The bill extends the Ministry’s regulatory ambit to any person who broadcasts news and current affairs programs through a digital medium (such as online paper, news portal, website, social media intermediary, or other similar medium). This provision will apply to any individual, and not just media companies or journalists, who chooses to share news as part of a ‘systematic business, professional, or commercial activity’. Concerns over how “news and current affairs” is currently defined under the bill and uncertainty over the scope of application of this Clause augment concerns around erosion of democratic principles of online free speech. This will threaten journalistic expression as well as a users’ right to access multiple, diverse points of view, especially given the high penalties prescribed in the draft bill for failing to comply with ethical codes and government orders.

OTT regulation of OTT platforms

If you have a TV series and movies list that you have  been planning to watch, the time to binge is now. Because very soon, your favourite shows may not be the same. Violent content, intimate scenes, religiously flavoured content (including satirical, comedic, and factual), politically unpalatable content, and other such “controversial” pieces of content are under threat of heavy modification and censorship. The Broadcasting Bill imposes stringent rules and codes to “OTT” broadcasters, which may lead to risks including, but not limited to, increase in financial and compliance burden; negative impact on user experience, choice, and even costs borne by the users; entry barriers; stifled innovation; and potential censorship, both imposed and self-applied. 

Your regulatory structure is in retrograde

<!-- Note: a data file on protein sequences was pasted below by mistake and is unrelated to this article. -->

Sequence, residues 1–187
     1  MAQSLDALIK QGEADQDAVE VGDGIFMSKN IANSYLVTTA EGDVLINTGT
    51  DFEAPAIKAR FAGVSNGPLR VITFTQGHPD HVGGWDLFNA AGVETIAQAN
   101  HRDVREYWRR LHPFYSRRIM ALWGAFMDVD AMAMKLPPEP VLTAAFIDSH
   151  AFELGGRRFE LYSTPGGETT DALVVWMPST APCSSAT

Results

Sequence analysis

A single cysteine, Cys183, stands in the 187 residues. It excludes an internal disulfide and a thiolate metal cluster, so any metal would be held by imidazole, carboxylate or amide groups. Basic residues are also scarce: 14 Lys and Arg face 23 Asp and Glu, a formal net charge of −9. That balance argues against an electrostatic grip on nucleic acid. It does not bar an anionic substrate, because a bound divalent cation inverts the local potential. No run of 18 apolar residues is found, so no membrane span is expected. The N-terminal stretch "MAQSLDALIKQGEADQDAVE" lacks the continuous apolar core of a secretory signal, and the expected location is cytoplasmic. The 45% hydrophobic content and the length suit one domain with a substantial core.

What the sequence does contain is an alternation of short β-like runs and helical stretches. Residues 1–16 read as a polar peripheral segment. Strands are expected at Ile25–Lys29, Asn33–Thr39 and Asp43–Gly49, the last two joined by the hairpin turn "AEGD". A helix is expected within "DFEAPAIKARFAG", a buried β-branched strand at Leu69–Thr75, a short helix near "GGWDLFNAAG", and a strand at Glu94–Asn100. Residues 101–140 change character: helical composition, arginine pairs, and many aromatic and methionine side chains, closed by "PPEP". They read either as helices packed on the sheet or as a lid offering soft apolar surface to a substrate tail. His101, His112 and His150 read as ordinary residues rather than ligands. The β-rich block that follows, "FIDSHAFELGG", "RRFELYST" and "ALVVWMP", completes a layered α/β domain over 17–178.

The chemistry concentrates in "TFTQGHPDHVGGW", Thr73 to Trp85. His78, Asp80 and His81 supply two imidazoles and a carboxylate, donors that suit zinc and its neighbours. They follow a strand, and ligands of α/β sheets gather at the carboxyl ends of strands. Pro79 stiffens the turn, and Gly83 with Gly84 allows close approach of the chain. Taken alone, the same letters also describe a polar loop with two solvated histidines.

The Union government’s powers with respect to the third-tier in the regulatory structure, unreasonable reliance on future rulemaking powers/ delegated legislation, as well as the inspection and penalty provisions (such as to prohibit operation in public interest), create a skewed power dynamic. In light of the several documented instances (see here, here, and here) of the Union government imposing restrictions and exercising ultimate discretion with the content published by “OTT” broadcasters as well as news publishers, the MIB must refrain from creating overbroad provisions which empower the former with unbridled censorship powers and may impose restrictions of constitutional freedoms.

Kill the bill

Risks around censorship of speech expressing satire, irony, sarcasm, dissent, anger, even maybe portrayals of facts and hard-hitting truth which is unpalatable to the Union government or politically influential and powerful communities, may become formalised if the Broadcasting Bill becomes a law of parliament. Given MIB’s historical baggage with paternalistic regulation, moral policing, and censorship of curated content as well as news media, this bill may very well alter the digital space, for creators and consumers alike. We thus urge the Ministry to withdraw the Broadcasting Services (Regulation) Bill, 2023 in its entirety, to refrain from acting as a ‘moral compass’, and to steer away from dictating modifications and deletions. 

Important documents:

  1. Broadcasting Services (Regulation) Bill, 2023 (link)
  2. IFF’s First Read on the Broadcasting Bill, 2023 (link)
  3. IFF’s comments on the Broadcasting Bill, 2023 (link)
  4. IFF’s event on the Broadcasting Bill, 2023 (link)